Today’s Guest Blog Post is Part 1 of 2 from Ben Johnson, Vice President at Cole Capital.
Industrial real estate owners, developers and brokers are in a buoyant mood these days, a fact reiterated by a record crowd of some 300 industry pros who attended the recent two-day NAIOP I.con conference in Long Beach, Calif. This year’s conference attracted some of industrial real estate’s heaviest hitters, including Jack Fraker, vice chairman and managing director of investment properties at CB Richard Ellis, Jim Dieter, executive vice president /industrial operations/brokerage at Cushman & Wakefield and Craig Meyer, managing director and head of industrial and logistics services at Jones Lang LaSalle. The event kicked off with a bang, addressing what has become the most popular topic expected to impact the industrial market in the years ahead: the widening of the Panama Canal, which is scheduled for completion on the canal’s 100th anniversary in 2014.
The wider canal will accommodate larger ships, and many pundits believe that will reroute more trade from West Coast ports directly to their East Coast brethren. In advance of the canal’s opening, U.S. logistics and trading patterns have already begun to shift, and West Coast, Gulf Coast and East Coast ports are in a pitched battle for the business ahead. Curtis Spencer, president of logistics consulting firm IMS Worldwide, chaired a panel including representatives from three of the country’s largest ports. Spencer noted that recent trends are tending to throw cold water on earlier predictions of the Panama Canal’s influence as a true “game changer” for U.S. logistics. “It was cheaper going by water (Asian goods moving directly to the East Coast through the Panama Canal) before the recession, but that’s not the case anymore,” said Spencer.
There are several reasons for the change, he noted, including reduced shipping speeds to save fuel (so-called “slow steaming”), rising fuel costs, environmental concerns and time to market versus costs. The real battleground, according to Spencer, will be in the U.S. heartland, where retailers coordinate the increasingly complex handoff of goods arriving at logistics centers on their way to consumers.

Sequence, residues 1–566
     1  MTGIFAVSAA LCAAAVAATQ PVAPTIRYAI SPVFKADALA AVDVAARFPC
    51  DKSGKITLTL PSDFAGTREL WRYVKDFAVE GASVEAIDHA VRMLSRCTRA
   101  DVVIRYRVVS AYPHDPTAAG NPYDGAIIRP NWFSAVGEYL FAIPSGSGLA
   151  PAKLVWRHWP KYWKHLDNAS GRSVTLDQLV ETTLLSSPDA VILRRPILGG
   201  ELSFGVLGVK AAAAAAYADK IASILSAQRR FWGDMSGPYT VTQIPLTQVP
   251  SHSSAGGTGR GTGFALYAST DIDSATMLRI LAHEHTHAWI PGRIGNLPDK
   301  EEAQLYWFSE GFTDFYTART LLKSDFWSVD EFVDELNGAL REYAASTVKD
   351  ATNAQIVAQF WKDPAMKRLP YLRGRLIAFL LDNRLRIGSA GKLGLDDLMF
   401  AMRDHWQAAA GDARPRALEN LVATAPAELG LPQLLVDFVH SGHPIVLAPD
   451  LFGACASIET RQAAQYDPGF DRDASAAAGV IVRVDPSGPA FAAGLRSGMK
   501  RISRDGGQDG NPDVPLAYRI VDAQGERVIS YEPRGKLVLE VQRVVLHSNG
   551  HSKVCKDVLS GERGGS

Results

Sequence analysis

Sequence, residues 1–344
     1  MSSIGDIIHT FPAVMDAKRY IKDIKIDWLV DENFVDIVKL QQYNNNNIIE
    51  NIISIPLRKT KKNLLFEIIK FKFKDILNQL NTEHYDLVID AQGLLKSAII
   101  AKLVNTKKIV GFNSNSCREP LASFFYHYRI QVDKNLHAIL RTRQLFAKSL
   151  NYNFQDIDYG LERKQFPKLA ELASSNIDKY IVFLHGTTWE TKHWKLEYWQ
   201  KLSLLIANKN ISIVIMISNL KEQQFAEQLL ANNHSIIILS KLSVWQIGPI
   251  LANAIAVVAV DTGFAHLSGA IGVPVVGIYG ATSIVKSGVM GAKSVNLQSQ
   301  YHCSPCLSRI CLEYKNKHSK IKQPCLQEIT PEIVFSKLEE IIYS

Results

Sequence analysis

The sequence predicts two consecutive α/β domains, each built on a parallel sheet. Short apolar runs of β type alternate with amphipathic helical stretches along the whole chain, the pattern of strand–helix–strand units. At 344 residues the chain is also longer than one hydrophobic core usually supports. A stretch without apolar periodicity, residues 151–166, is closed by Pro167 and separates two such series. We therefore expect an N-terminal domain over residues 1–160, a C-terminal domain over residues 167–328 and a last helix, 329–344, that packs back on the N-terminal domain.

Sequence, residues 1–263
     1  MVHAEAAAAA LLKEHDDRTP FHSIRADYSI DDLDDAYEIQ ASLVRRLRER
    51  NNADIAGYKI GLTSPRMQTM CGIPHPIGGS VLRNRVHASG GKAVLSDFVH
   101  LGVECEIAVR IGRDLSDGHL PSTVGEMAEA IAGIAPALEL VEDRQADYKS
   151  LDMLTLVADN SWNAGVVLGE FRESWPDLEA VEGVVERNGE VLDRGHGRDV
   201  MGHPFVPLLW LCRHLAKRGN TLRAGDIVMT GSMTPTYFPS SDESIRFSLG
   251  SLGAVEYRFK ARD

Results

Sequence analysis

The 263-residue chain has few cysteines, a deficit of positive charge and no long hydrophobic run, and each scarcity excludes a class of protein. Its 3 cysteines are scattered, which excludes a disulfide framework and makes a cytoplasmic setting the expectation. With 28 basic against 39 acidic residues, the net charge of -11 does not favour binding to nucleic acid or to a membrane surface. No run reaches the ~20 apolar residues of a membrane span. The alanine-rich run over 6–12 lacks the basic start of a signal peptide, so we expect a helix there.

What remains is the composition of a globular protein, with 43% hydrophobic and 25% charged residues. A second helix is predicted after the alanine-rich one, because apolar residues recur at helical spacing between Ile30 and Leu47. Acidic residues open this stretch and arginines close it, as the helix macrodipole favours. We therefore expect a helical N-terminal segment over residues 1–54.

Jim MacLellan, director of marketing at the Port of Los Angeles, said the port has clawed back much of its trade losses during the recent recession, and is concerned about higher fees for cargo moving through the Panama Canal and the impact of slow steaming. “The shift in trade to the East Coast and Gulf Coast ports will be gradual,” said MacLellan. One of the more interesting/unusual factoids coming from the conference was the notion that pirates could tip the balance of world trade, at least in the short term. The spate of Somali pirates attacking ships coming through the Suez Canal (the primary shipping route for cargo moving from Asia/Singapore west to the East Coast of the U.S.) has “jacked up” insurance rates for shippers over the last year, said MacLellan. As a result, many Asian manufacturers are once again favoring shipments across the Pacific to the Western U.S.
However, there are at least two sides to every argument.
“I feel like I have to defend myself here,” said Kevin Burwell, director of the Virginia Port Authority. “We should call this the bring Curtis to Jesus meeting,” referring to Spencer’s belief that East Coast ports will not benefit as much from the Panama Canal widening as originally expected. Burwell believes the Port of Norfolk, for example, could see half a million or more TEUs (twenty-foot equivalent units, a standard measure of cargo) from the Panama Canal after 2014. “We’re going to be a fortunate recipient of the canal’s widening, but it won’t happen overnight,” said Burwell. Meanwhile, in the Gulf of Mexico, the Port of Houston is “right in the middle,” said John Moseley, general manager of trade development at the Port of Houston Authority. At the end of the day, industrial real estate location is about cost and proximity to the consumer, and the Texas economy is growing at a record clip,” said Moseley.
Note: Stay tuned for part two of Ben’s post with I.con coverage tomorrow
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